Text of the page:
Posts Tagged ‘Community radio’

Ministers indifferent to the plight of the community radio sector

08/11/2019

The National Community Radio Forum issued a press statement after their meeting with the Independent Communications Authority of South Africa (ICASA) yesterday.

The meeting was held to discuss the current crises with regards to the planned closure of certain community radio stations by the broadcasting authority.

READ NCRF STATEMENT 7 November 2019 – Ministers indifferent to the plight of the #communityradio sector

Again Bush Radio is very concerned about these developments and we believe that a closure of one station is worrying. We call upon all parties involved to look for an amicable solution for the continued survival and growth of the community radio sector.

We also encourage communities, individuals, organisations and businesses to support their community radio stations.

Related:

Community Media demands to be heard

Keep your voice alive

Don’t just like what you hear.

The end of revolutionary radio in South Africa?

What should we do with the art of monstrous men?

04/11/2019

Listen to a highly condensed version of the discussion on 23rd October at the Masambe Theatre. Recorded and edited by Nigel Vermaas and aired on Bush Radio’s Sakhisizwe arts edition.

On 23 October the South African Cultural Policy Network held a Public Forum at the Masambe Theatre, Baxter. What should we do with the art of monstrous men? There has been much international debate about the “monstrous men” in art, movies, television, and music in the age of #MeToo movement.

The South African arts industry has its own ‘monstrous men’.

Artist Zwelethu Mthethwa is serving eighteen years in jail for murdering sex worker, Nokupila Kumalo; Mbongeni Ngema faces a number of allegations of sexual harassment. And Welcome Msomi has recently been found guilty of having stolen R8m from the Living Legends fund.

Should we separate the art from the artist?

Should Sarafina and other works by Ngema – and Ngema himself –be banned from our theatres? And what about our Rolling Stones albums, Woody Allen DVDS? Etc etc.

A panel consisting of poet & cultural activist Malika Ndlovu, Stellenbosch university transformation officer Babalwa Gusha and gender activist & academic Amanda Gouws grappled with this complex topic. The forum was facilitated by another Stellenbosch University academic Ncebakazi Mnukwana. Tina Schouw also features in the audio.

Music, all of which is made by so-called monstrous men has been added, including Miles Davis, one of the greatest musicians of the 20th Century and also an abuser of women.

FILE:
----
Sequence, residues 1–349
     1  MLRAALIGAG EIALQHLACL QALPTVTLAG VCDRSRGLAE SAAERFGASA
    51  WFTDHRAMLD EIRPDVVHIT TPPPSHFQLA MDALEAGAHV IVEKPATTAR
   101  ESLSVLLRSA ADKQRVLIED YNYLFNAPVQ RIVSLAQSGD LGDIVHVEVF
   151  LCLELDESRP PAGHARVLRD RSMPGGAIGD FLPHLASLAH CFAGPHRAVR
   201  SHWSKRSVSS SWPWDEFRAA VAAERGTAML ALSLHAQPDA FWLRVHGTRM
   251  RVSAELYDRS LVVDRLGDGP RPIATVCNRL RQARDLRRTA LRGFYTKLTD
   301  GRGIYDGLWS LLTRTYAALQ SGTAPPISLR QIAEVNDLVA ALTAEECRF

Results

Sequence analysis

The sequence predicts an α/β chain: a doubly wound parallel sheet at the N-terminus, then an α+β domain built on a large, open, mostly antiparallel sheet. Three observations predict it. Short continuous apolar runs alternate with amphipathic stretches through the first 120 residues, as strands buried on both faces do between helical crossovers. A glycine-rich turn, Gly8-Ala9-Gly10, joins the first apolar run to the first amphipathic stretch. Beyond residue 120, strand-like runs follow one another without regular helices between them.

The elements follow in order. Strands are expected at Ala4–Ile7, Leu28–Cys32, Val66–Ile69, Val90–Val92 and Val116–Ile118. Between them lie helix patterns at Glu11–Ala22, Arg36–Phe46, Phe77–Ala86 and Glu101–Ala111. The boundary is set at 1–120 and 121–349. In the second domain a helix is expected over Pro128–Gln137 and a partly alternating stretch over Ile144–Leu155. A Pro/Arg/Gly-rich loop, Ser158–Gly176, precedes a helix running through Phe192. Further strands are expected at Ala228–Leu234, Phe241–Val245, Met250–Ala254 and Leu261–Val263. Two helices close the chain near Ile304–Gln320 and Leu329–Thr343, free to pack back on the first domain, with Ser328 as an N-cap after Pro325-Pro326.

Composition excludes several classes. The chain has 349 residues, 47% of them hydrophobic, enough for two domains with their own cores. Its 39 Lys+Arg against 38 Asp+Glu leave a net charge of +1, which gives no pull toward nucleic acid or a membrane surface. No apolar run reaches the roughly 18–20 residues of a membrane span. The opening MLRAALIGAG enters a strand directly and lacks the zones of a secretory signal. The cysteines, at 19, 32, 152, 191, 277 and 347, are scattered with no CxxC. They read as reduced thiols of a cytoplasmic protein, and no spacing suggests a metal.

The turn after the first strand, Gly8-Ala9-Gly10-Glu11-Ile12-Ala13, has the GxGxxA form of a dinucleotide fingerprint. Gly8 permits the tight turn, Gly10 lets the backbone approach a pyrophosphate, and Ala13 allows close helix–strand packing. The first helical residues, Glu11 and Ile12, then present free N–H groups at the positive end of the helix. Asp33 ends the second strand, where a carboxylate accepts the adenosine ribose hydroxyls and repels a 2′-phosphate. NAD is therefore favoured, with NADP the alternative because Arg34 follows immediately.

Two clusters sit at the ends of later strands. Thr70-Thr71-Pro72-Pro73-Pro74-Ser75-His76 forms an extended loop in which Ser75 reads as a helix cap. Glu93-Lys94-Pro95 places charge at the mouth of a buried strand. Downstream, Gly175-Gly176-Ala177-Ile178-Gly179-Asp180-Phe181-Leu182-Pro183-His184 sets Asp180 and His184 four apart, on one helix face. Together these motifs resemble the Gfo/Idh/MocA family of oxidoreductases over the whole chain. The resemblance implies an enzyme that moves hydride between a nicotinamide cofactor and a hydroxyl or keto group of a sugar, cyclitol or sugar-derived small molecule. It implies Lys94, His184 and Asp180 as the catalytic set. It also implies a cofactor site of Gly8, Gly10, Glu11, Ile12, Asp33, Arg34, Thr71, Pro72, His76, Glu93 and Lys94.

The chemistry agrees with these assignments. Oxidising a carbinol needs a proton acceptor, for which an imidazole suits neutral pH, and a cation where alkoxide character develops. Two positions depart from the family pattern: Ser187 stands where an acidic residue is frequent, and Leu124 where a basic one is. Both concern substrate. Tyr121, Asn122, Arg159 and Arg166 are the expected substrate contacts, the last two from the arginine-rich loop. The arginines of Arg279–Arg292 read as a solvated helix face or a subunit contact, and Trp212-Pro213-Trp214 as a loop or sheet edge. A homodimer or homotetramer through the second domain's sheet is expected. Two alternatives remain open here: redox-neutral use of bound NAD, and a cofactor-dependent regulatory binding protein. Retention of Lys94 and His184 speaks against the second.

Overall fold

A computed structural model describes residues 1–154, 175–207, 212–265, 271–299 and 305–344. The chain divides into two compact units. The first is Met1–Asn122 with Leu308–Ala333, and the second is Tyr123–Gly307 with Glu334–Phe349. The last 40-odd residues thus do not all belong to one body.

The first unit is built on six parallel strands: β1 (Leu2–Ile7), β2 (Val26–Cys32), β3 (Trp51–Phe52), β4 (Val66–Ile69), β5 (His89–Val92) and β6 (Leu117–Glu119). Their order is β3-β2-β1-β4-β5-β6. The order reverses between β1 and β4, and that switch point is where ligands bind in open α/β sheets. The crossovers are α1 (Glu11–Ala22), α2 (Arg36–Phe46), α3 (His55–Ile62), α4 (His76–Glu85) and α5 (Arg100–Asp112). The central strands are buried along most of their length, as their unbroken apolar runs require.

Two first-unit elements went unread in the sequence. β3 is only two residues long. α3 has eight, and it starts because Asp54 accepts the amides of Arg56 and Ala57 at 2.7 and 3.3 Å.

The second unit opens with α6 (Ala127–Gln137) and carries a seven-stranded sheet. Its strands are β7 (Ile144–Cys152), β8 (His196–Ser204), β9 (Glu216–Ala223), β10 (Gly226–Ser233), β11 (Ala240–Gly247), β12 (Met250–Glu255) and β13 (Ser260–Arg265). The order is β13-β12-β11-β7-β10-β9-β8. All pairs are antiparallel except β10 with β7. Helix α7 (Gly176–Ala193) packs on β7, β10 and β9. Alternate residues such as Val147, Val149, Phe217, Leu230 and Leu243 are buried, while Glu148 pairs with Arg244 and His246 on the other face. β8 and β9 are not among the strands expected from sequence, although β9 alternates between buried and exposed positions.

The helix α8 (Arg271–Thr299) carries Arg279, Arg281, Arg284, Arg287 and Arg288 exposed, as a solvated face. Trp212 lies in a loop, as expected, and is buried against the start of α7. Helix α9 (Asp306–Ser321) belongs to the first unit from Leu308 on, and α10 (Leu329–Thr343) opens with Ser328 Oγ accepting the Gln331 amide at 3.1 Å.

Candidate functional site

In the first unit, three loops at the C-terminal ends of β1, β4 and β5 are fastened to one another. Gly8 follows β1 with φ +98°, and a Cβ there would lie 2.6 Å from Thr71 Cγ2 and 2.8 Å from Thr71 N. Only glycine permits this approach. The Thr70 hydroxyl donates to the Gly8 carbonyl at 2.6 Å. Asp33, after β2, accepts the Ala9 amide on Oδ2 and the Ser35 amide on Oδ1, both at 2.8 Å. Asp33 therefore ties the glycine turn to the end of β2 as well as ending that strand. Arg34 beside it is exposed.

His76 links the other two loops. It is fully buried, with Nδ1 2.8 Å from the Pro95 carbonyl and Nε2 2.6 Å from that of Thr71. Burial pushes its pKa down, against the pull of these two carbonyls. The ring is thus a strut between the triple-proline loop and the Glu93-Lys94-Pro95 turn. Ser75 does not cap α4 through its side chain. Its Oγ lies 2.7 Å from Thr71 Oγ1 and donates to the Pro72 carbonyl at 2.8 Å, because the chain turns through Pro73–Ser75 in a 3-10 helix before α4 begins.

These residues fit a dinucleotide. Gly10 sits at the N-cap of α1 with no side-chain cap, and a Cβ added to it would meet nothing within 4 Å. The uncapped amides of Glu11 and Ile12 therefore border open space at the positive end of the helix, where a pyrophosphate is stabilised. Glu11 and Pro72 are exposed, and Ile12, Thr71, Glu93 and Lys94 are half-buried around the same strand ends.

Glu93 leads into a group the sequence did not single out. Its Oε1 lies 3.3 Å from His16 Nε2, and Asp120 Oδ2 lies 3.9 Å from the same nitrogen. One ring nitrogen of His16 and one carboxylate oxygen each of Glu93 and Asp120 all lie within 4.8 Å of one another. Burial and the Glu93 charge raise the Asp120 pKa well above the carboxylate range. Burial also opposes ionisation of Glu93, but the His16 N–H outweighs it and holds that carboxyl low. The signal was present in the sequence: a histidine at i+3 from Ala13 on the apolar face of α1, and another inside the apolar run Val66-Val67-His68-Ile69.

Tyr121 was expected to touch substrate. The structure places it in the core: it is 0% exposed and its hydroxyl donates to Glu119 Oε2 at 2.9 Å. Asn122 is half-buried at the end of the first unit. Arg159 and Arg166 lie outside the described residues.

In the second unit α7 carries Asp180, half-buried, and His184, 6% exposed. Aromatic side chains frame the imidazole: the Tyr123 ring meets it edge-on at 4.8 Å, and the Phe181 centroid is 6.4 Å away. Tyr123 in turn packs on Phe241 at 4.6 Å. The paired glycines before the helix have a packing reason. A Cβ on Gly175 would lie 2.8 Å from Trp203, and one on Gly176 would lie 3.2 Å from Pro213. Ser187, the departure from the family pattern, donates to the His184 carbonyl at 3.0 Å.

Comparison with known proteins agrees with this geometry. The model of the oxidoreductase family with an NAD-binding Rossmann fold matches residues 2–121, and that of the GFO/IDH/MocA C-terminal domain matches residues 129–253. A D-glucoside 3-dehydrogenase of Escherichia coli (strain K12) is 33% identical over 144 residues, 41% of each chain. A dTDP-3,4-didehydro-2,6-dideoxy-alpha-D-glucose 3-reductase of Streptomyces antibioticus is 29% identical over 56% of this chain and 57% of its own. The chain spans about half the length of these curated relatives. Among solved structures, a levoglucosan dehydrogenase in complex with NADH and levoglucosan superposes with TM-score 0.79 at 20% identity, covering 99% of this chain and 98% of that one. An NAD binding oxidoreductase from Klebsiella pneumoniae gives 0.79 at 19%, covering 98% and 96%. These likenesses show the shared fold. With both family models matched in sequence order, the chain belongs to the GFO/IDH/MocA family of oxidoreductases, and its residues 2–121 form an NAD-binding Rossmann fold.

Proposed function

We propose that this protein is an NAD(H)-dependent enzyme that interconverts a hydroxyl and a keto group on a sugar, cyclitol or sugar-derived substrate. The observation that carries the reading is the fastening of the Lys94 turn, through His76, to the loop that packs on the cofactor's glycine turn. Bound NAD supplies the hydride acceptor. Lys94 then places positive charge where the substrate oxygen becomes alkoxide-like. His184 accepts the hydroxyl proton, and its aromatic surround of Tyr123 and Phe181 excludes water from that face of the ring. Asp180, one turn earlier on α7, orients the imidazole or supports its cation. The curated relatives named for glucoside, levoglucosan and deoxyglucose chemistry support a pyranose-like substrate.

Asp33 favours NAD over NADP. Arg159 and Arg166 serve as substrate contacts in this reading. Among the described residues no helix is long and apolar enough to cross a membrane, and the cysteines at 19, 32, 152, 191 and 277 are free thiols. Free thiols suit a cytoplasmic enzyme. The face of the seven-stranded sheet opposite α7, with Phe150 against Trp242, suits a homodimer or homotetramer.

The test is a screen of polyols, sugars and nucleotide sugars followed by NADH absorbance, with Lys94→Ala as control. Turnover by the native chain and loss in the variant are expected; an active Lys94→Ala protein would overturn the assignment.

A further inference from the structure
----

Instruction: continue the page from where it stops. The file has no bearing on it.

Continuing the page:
The actual forum lasted about 90 minutes so obviously there was a lot of important stuff that is not included.

Thanks to Mike van Graan and the SA Cultural Policy Network for keeping these conversations going.

The above text is taken from Nigel’s introduction of the recording.

Catch Nigel Vermaas every week with Connected to Jazz (Tuesdays 8pm) and during Sakhisizwe’s arts edition (Fridays from 12pm) via 89.5FM or www.bushradio.co.za

43 radio stations facing closure in South Africa

19/10/2019

As we at Bush Radio fight to keep the station going financially through our crowdfunding campaign and engagements with government, we are concerned to learn of developments to close up to 43 community radio stations in South Africa.

The National Community Radio Forum (NCRF), of which Bush Radio is a founding member, today issued a press statement highlighting the plans of the Independent Communications Authority of South Africa (ICASA) to shut down certain stations for various reasons.

Today we commemorate Black Wednesday 42 years ago – October 19, 1977 – when the apartheid government banned several newspapers, organisations and journalists.

Today, ICASA, an institution for which Bush Radio fought hard to be established, wants to shut down more than 40 community radio stations. The effect will be the same as then – limiting media freedom and alternative voices in the broadcast sector.

Bush Radio strongly urges our democratically elected government to intervene in this matter. We ask ICASA to look at a positive resolution to help secure the future of the community radio sector.

READ: Press Release: Shutdown of 43 Community Radio stations by ICASA

See below for the names of the stations affected.

  1. Lekwa FM
  2. Lukhanji FM
  3. Mohokare FM
  4. MP East Community Radio
  5. Nkungumathe FM
  6. Ncuthu Community Radio
  7. Zibonele FM
  8. Greater Middleburg FM
  9. Merafong FM
  10. KZN Capital FM
  11. Catitura Community Radio
  12. Mozolo FM
  13. Lephalale FM
  14. Greater Zaneen FM
  15. Phalaborwa FM
  16. The Rock FM
  17. Devine Touch FM
  18. Emmanuel Haven
  19. East Griekwaland FM
  20. Franshoek Community Radio
  21. Giyani Youth FM
  22. Hlanganani FM
  23. Kanyamaza FM
  24. Kingfisher FM
  25. Kopel Studio
  26. Lebowakgomo FM
  27. Lekho Community Radio
  28. Lentswe FM
  29. Lethabong Community Radio
  30. Letlhabile FM
  31. Radio Kaap se Punt
  32. Radio Sekunda
  33. Radio Unique